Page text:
Preview abstract Background Artificial intelligence (AI) has repeatedly been shown to encode historical inequities in healthcare. We aimed to develop a framework to quantitatively assess the performance equity of health AI technologies and to illustrate its utility via a case study. Methods Here, we propose a methodology to assess whether health AI technologies prioritise performance for patient populations experiencing worse outcomes, that is complementary to existing fairness metrics. We developed the Health Equity Assessment of machine Learning performance (HEAL) framework designed to quantitatively assess the performance equity of health AI technologies via a four-step interdisciplinary process to understand and quantify domain-specific criteria, and the resulting HEAL metric. As an illustrative case study (analysis conducted between October 2022 and January 2023), we applied the HEAL framework to a dermatology AI model. A set of 5420 teledermatology cases (store-and-forward cases from patients of 20 years or older, submitted from primary care providers in the USA and skin cancer clinics in Australia), enriched for diversity in age, sex and race/ethnicity, was used to retrospectively evaluate the AI model's HEAL metric, defined as the likelihood that the AI model performs better for subpopulations with worse average health outcomes as compared to others. The likelihood that AI performance was anticorrelated to pre-existing health outcomes was estimated using bootstrap methods as the probability that the negated Spearman's rank correlation coefficient (i.e., “R”) was greater than zero. Positive values of R suggest that subpopulations with poorer health outcomes have better AI model performance. Thus, the HEAL metric, defined as p (R >0), measures how likely the AI technology is to prioritise performance for subpopulations with worse average health outcomes as compared to others (presented as a percentage below). Health outcomes were quantified as disability-adjusted life years (DALYs) when grouping by sex and age, and years of life lost (YLLs) when grouping by race/ethnicity. AI performance was measured as top-3 agreement with the reference diagnosis from a panel of 3 dermatologists per case. Findings Across all dermatologic conditions, the HEAL metric was 80.5% for prioritizing AI performance of racial/ethnic subpopulations based on YLLs, and 92.1% and 0.0% respectively for prioritizing AI performance of sex and age subpopulations based on DALYs. Certain dermatologic conditions were significantly associated with greater AI model performance compared to a reference category of less common conditions. For skin cancer conditions, the HEAL metric was 73.8% for prioritizing AI performance of age subpopulations based on DALYs. Interpretation Analysis using the proposed HEAL framework showed that the dermatology AI model prioritised performance for race/ethnicity, sex (all conditions) and age (cancer conditions) subpopulations with respect to pre-existing health disparities. More work is needed to investigate ways of promoting equitable AI performance across age for non-cancer conditions and to better understand how AI models can contribute towards improving equity in health outcomes. View details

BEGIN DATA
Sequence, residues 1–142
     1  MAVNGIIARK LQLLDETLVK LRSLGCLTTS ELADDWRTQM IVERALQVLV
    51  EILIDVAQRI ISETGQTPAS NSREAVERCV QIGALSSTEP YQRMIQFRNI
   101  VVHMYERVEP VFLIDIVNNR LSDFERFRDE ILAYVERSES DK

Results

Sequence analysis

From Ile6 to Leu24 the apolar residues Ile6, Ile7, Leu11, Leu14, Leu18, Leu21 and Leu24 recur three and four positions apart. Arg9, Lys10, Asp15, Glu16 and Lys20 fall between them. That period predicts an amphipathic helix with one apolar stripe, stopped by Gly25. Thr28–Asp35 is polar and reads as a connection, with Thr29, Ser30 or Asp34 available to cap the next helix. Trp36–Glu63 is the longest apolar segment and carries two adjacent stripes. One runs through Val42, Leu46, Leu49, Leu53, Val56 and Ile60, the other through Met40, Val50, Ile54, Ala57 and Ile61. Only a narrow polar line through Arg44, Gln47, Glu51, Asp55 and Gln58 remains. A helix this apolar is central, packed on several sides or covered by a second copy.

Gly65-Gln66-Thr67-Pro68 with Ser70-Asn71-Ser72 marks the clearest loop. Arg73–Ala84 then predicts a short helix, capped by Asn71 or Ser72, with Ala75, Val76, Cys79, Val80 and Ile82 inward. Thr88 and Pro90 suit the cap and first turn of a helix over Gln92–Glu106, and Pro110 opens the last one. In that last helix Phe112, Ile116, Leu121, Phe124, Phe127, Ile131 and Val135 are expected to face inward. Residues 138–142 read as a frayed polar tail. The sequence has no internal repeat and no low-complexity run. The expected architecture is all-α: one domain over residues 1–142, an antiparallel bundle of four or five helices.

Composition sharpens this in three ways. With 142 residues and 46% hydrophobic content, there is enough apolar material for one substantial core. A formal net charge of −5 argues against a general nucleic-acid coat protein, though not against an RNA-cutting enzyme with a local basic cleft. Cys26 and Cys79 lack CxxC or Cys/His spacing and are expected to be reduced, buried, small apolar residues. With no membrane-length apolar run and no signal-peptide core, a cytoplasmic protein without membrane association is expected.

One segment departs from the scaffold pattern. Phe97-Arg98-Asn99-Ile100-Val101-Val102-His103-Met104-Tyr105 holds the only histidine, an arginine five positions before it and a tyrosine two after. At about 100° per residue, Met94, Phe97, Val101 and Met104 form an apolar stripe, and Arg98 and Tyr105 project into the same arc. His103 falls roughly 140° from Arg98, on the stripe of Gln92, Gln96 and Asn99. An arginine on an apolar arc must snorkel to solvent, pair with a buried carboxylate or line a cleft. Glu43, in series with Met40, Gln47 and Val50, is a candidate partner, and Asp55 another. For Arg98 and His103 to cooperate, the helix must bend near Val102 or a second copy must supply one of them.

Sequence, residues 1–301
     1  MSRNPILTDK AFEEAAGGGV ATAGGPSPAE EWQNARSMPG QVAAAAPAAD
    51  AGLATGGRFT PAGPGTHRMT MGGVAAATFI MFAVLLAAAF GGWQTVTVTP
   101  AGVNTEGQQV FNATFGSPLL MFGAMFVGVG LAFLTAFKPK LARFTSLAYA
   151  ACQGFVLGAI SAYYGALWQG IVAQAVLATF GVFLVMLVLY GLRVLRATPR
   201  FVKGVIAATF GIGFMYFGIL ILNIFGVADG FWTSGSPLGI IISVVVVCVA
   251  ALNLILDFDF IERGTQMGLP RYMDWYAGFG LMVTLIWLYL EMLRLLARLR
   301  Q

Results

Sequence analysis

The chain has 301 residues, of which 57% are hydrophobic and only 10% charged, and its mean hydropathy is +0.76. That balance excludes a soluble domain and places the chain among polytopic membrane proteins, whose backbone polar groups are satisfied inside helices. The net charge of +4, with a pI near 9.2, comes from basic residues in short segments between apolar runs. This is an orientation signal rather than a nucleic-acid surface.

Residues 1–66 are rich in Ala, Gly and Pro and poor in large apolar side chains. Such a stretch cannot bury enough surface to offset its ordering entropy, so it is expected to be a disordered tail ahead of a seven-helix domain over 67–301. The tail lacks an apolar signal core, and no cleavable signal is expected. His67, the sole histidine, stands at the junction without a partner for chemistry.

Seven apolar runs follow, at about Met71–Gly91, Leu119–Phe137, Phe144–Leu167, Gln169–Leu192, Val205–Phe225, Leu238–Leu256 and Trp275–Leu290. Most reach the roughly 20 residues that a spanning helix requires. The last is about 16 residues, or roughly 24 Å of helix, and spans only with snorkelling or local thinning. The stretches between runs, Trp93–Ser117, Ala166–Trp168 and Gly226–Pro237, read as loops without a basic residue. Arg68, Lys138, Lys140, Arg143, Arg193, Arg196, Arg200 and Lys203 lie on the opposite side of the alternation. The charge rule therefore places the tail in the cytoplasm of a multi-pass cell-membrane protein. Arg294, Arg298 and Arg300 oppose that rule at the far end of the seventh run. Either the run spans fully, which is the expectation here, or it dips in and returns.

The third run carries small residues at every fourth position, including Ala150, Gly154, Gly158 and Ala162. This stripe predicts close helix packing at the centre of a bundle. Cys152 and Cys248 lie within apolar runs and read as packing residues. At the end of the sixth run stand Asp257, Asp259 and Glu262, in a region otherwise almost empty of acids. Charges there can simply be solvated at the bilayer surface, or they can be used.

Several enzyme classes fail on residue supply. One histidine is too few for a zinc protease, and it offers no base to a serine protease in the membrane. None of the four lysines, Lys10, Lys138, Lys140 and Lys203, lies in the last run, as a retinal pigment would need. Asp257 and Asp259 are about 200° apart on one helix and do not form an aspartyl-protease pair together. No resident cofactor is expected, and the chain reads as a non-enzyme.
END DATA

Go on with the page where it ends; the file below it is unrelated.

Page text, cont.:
Conversational AI in health: Design considerations from a Wizard-of-Oz dermatology case study with users, clinicians and a medical LLM
    Brenna Li
    Amy Wang
    Patricia Strachan
    Julie Anne Seguin
    Sami Lachgar
    Karyn Schroeder
    Renee Wong
    Naama Hammel
    Rory Sayres
    Christopher Semturs
    Extended Abstracts of the 2024 CHI Conference on Human Factors in Computing Systems, Association for Computing Machinery, pp. 10
    Preview abstract Although skin concerns are common, access to specialist care is limited. Artificial intelligence (AI)-assisted tools to support medical decisions may provide patients with feedback on their concerns while also helping ensure the most urgent cases are routed to dermatologists. Although AI-based conversational agents have been explored recently, how they are perceived by patients and clinicians is not well understood. We conducted a Wizard-of-Oz study involving 18 participants with real skin concerns. Participants were randomly assigned to interact with either a clinician agent (portrayed by a dermatologist) or an LLM agent (supervised by a dermatologist) via synchronous multimodal chat. In both conditions, participants found the conversation to be helpful in understanding their medical situation and alleviate their concerns. Through qualitative coding of the conversation transcripts, we provide insight on the importance of empathy and effective information-seeking. We conclude with design considerations for future AI-based conversational agents in healthcare settings. View details